Former Secretary Robert Gates and conservative and hawkish Republicans have criticized President Obama’s foreign policy and timidity toward engaging in the Middle East. The story from Foreign Policy this morning underscores why standing back is very smart policy.
Syrian rebels are factionalized and fighting among themselves. That is the case in Iraq where diverse political groups and Islamic factions are fighting nearing civil war. The same is the case in Afghanistan, and the list goes on.
Citizens in the Middle East have decisions to make but they are lost in the fog of ideology and can’t think straight. The first priority for humanity is to embrace the values that preserve it. Suggested before is the Universal Declaration of Human Rights. Start there, and then build governments that support it. Keep religious beliefs out of the equation and be welcomed to the twenty-first century.
That lesson is the same for here at home in the United States. Put people and equality in the forefront of global priorities.
Aleppo is an ancient place.
“Aleppo is one of the oldest continuously inhabited cities in the world; it has been inhabited since perhaps as early as the 6th millennium BC. Excavations at Tell as-Sawda and Tell al-Ansari, just south of the old city of Aleppo, show that the area was occupied since at least the latter part of the 3rd millennium BC; and this is also when Aleppo is first mentioned in cuneiform tablets unearthed in Ebla and Mesopotamia, in which it is noted for its commercial and military proficiency. Such a long history is probably due to its being a strategic trading point midway between the Mediterranean Sea and Mesopotamia (i.e. modern Iraq).”
What a shame that age does not equal wisdom.
“Islamist Rebel Groups Seize ISIL Aleppo Headquarters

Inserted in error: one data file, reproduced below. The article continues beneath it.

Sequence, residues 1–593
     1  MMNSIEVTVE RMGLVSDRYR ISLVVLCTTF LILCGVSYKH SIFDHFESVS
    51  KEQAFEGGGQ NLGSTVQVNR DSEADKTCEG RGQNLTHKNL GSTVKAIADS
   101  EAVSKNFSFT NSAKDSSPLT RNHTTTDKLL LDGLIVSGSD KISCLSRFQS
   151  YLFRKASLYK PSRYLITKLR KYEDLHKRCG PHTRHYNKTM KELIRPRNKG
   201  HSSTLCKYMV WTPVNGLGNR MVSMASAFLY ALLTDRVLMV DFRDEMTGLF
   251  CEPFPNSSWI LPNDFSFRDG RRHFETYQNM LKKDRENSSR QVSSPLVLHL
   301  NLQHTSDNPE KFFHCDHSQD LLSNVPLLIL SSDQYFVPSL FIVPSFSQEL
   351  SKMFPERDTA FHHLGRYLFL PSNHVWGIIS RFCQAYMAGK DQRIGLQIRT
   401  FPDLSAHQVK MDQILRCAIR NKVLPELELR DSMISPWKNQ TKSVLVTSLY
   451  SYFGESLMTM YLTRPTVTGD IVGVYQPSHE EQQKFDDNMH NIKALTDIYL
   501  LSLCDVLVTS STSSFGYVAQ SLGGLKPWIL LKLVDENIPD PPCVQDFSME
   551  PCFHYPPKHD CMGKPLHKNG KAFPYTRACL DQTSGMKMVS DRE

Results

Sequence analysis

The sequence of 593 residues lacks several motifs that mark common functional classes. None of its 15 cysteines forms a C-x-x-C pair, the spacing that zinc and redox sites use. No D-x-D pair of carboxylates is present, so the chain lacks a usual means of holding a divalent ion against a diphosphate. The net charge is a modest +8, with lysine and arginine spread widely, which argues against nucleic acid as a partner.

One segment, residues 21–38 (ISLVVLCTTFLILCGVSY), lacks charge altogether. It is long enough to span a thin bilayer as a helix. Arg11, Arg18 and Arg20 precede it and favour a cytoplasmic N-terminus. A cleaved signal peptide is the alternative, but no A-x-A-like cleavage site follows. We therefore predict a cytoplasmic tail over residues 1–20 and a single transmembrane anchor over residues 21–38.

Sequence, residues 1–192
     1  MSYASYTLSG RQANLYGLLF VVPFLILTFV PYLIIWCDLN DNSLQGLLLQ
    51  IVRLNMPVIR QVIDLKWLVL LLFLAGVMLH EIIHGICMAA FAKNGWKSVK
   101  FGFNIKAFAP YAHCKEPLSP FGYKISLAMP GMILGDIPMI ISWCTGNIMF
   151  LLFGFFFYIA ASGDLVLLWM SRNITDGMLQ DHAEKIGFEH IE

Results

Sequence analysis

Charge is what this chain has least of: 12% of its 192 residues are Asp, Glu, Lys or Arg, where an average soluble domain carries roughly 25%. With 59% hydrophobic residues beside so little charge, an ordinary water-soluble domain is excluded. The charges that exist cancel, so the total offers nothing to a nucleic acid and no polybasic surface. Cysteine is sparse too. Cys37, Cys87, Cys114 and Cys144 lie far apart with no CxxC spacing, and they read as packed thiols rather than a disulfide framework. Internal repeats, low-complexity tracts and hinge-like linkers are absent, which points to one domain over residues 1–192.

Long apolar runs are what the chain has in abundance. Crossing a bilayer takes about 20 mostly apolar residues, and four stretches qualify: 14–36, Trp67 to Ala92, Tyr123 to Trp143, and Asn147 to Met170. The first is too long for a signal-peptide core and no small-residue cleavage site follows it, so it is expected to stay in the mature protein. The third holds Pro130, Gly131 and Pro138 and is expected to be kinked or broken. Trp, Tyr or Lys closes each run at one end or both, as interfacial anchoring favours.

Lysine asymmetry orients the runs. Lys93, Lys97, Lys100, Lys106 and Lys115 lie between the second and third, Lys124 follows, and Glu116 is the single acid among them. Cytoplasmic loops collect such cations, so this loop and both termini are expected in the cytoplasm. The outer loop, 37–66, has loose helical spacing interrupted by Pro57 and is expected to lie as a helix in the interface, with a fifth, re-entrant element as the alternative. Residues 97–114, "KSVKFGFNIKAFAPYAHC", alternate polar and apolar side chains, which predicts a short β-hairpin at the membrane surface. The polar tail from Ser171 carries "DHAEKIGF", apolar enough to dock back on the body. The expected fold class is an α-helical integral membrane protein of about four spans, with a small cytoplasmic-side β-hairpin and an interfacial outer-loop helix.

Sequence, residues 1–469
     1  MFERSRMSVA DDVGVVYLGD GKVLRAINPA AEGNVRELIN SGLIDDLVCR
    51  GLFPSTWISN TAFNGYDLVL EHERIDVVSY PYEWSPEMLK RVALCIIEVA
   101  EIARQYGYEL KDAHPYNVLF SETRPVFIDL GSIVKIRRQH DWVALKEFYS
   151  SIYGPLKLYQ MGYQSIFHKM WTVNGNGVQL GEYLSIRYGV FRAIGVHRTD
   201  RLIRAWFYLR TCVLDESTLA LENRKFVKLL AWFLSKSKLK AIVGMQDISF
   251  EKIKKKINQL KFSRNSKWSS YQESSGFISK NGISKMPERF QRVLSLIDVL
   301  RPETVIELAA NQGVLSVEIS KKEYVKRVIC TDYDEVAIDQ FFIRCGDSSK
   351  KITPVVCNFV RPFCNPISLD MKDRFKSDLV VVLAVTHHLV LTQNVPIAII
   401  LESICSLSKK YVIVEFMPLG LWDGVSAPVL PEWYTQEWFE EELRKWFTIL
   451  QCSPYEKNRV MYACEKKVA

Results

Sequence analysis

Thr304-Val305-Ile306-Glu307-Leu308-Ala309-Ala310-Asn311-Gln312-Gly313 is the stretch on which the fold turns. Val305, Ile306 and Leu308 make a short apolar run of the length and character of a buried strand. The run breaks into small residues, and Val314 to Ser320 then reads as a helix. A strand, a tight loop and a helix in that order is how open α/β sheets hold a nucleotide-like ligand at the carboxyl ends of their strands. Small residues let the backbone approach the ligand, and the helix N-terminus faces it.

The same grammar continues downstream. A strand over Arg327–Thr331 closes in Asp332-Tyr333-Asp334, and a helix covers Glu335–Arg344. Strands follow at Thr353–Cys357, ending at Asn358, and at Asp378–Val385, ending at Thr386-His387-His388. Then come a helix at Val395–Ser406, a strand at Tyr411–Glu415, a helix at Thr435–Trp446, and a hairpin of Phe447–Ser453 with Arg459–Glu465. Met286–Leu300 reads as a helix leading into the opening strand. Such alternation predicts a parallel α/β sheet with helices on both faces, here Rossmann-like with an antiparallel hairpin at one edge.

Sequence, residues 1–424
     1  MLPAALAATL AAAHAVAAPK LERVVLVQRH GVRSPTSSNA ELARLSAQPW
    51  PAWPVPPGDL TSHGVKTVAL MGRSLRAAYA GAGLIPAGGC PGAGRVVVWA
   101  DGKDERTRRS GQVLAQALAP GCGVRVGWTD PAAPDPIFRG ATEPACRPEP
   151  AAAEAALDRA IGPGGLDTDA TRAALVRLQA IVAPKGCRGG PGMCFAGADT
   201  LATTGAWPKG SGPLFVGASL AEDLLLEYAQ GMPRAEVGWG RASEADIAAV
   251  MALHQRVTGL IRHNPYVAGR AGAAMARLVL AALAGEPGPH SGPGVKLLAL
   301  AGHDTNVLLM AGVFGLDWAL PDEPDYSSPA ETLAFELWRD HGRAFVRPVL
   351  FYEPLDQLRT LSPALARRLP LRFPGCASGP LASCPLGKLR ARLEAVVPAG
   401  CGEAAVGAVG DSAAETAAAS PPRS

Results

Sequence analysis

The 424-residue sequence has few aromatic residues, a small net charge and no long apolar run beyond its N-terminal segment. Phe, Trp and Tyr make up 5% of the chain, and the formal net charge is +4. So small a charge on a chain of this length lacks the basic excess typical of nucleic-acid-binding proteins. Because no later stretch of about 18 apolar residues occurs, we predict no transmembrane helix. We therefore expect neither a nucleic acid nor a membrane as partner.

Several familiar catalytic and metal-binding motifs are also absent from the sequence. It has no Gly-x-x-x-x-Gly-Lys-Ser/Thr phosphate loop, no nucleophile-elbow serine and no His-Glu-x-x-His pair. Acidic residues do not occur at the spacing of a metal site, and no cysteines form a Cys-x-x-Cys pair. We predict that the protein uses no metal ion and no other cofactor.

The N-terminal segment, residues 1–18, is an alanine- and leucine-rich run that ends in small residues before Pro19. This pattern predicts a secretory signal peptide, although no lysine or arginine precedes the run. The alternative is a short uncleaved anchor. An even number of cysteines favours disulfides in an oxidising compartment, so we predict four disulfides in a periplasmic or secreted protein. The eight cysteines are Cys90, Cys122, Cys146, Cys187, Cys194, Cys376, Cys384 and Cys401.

Islamist rebel groups have reportedly overtaken the Aleppo headquarters of the Islamic State of Iraq and the Levant (ISIL). According to the British-based Syrian Observatory for Human Rights, Islamist brigades captured the base, a former children's hospital, in the Qadi Askar area, but it is unclear what happened to the hundreds of fighters that had been there. On Tuesday the ISIL issued a message calling for its fighters to "crush" rival rebel groups. The leader of al Qaeda linked al-Nusra Front, which has participated in the recent clashes against ISIL in northern Syria, has called for a cease-fire between opposition factions. Abu Mohammed al-Jolani said, "The [Muslim] nation was shocked to hear of the internal infighting between jihadist factions in the past number of days," though he said the infighting resulted from the "incorrect policies" of ISIL. Jolani proposed establishing an Islamic court to settle disputes among rebels, and called for fighters to unite against Syrian President Bashar al-Assad. Meanwhile, Syria has transferred its first batch of chemical weapons materials to a Danish ship in the northern Syrian port of Latakia. According to the Organization for the Prohibition of Chemical Weapons (OPCW), "It will remain at sea awaiting the arrival of additional priority chemical materials at the port" which will then be moved out for destruction.”